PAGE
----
When we have lots of water, sooner or later there will be a drought. But when there has been higher than average rainfall for eleven years, most have forgotten what drought is, or that higher than average rain will continue to fall indefinitely. On the contrary!
The time to save water is when we have at least some. Best practice would be to keep the dams full rather than bounce along at the bottom which is happening at the moment. We have been warning the various departments of water affairs about this for 21 years. Post 94, first there was the Department of Water affairs and Forestry, then came the Department of Water and Environmental Affairs, and lastly to date, the Department of Water and Sanitation, and about bloody time too. Because upstream municipalities all around South Africa seem to take pride in polluting rivers for downstream municipalities with raw untreated sewerage without any recourse nor any ability to clean up this water for drinking purposes. Perhaps I am being a tad unfair, and admit that these municipalities are mostly bankrupt and have no means to process sewerage. The situation as far as sewerage is concerned right now is calamitous. Do not drink any river water downstream from any sewerage works.
It is too late for a great many towns and farmers, and our cities will be next! South Africa on the whole is out of water.
I have spoken at not less than ten conferences over the past five years regarding how the abuse of water should be curbed, but this has proven to be either too difficult or politically unpopular. Retribution is close at hand, because we have a most determined El Nino preventing rain from falling on most of South Africa. As a result our politicians have reacted with a do nothing attitude rather than impose unpopular restrictions thanks to a looming municipal election next year. Why else would Cape Town municipality not introduce water restrictions? After all when the dam levels were at 80% in 2003 and 2004 water restrictions were introduced, and now the dam levels are at 71% with a population one third greater now than then, no restrictions are even mooted!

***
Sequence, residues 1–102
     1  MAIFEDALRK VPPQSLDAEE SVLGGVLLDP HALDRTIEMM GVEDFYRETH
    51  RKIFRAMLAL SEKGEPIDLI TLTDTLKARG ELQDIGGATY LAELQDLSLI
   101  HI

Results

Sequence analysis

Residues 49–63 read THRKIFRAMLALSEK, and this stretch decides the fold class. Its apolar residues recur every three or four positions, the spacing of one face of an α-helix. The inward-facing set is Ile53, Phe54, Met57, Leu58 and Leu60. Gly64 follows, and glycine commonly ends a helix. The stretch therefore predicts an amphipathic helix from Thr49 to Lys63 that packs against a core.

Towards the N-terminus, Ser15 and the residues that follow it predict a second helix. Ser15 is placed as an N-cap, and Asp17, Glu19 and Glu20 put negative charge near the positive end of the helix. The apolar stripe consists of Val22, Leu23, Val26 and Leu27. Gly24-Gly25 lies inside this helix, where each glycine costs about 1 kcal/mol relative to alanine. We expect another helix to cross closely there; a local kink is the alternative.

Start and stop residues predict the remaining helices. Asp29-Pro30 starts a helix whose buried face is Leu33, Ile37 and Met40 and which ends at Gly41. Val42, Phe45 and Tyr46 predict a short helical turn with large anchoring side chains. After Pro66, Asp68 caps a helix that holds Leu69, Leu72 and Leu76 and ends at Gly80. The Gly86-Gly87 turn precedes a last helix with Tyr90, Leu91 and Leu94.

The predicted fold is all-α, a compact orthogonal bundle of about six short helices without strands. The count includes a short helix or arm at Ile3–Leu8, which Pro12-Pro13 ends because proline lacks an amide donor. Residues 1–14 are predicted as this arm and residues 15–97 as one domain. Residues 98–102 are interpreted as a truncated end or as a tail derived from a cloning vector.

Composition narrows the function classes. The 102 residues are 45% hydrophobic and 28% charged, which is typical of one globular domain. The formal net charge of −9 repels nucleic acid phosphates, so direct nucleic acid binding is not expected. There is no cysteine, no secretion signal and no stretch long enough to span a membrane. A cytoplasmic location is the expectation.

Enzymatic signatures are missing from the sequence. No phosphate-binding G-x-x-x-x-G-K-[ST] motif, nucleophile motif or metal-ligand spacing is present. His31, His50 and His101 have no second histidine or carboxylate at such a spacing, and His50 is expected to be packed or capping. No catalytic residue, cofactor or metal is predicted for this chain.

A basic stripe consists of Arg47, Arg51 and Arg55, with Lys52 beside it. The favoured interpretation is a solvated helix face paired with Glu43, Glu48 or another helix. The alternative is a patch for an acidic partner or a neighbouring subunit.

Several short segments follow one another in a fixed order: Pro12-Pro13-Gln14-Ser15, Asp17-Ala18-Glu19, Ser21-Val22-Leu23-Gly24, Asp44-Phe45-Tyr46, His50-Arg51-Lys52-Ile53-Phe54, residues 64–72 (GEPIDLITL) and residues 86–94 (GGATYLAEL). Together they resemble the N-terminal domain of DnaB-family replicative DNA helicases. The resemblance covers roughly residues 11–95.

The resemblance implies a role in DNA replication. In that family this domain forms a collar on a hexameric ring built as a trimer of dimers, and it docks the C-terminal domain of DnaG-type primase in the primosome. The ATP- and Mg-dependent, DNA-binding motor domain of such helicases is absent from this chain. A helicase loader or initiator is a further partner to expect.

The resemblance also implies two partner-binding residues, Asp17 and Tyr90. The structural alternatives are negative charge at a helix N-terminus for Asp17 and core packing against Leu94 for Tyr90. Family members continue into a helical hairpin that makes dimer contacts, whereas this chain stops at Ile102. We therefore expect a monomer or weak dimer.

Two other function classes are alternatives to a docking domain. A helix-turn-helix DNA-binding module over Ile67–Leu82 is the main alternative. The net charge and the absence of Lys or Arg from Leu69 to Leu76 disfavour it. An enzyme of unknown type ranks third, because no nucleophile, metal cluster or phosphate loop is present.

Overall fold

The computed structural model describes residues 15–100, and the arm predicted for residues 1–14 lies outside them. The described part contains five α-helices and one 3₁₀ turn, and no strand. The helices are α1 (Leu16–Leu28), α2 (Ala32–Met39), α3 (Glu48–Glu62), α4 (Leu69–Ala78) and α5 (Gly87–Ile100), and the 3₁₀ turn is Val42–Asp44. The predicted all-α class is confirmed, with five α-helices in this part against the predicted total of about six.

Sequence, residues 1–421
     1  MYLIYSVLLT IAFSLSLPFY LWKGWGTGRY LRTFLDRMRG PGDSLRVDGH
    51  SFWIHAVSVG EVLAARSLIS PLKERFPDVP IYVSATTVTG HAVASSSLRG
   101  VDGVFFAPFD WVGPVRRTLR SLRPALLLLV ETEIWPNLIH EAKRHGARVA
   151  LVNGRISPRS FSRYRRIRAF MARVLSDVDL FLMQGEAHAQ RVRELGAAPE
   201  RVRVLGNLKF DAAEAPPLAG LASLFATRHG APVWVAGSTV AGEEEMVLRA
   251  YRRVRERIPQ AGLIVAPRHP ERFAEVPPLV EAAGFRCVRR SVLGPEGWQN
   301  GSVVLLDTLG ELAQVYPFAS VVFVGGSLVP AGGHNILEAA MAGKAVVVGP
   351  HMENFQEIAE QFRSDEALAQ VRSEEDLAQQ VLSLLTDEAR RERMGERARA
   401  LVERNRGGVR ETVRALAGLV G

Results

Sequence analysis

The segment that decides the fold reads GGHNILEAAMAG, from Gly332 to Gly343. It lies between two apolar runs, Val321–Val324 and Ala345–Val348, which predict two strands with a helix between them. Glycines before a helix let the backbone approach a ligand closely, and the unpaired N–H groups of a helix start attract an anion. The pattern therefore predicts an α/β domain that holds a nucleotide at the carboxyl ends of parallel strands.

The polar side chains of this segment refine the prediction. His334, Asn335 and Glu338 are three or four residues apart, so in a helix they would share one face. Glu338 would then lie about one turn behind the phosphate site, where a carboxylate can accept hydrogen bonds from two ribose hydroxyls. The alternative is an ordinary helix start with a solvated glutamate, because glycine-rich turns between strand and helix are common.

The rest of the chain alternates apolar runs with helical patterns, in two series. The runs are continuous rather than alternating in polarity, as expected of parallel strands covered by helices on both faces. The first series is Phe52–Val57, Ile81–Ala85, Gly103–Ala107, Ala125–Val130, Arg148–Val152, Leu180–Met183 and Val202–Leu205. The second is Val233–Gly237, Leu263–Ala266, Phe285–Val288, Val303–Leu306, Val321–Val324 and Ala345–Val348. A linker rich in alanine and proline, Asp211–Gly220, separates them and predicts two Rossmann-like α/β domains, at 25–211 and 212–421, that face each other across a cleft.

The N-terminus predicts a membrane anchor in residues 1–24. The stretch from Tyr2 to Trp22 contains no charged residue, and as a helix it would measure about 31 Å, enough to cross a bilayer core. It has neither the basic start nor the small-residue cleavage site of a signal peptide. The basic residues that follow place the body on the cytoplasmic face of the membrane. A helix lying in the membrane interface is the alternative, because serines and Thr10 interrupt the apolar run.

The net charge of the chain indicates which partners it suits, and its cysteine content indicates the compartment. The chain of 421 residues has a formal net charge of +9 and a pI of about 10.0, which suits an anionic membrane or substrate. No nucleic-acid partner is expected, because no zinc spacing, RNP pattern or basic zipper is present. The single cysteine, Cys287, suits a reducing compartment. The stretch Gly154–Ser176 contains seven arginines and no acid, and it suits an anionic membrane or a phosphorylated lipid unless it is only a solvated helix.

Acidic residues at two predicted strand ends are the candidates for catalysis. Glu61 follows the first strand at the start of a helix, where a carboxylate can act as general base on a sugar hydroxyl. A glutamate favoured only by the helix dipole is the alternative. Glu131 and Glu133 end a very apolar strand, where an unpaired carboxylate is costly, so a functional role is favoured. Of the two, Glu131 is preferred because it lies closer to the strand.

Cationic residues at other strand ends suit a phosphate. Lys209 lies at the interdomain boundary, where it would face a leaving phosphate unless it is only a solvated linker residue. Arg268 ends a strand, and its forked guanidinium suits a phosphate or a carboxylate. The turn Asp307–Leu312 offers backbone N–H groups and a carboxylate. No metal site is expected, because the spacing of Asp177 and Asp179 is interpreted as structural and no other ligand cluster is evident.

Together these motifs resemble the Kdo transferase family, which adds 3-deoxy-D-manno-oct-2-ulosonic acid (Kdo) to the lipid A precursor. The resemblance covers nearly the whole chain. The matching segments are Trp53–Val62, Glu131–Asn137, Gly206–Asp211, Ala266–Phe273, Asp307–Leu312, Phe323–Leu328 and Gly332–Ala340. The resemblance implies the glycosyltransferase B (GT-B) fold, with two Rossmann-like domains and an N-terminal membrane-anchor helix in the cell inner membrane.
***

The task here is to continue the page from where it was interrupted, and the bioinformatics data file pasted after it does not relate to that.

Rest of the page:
The answer to water sales and distribution is to try and create some for all forever, the words of Kader Asmal in 1995. This has to include hefty and permanent restrictions and to disallow any municipal water for irrigation whatsoever. I know what you are thinking! Where are we to get water for that purpose? The answer is from grey water. In most homes, the volume of grey water thrown down the sewer balances the volume of water required for irrigation purposes, a point proven over and over again by more than 5000 clients of ours who do precisely that. But please do not take my word for this; let us have a look at the pie of “where water goes in the home”. The following is by courtesy of the City of Cape Town.
Were it not for the people of South Africa prepared themselves to use less water of their own volition, we would be far worse off than the authorities would actually like. The more water they can sell, the better they have maximized their water supply facilities. This has only now proved to be most shortsighted thanks to the drought. However in Cape Town we have been successful in reducing the average demand as of 1998 which stood at 28 kilolitres per household per month to 25 kilolitres per month. We however have a long way to go to get that down to where we should actually be at 14 to 18 kilolitres per month per household per month for the rainy / dry season respectively.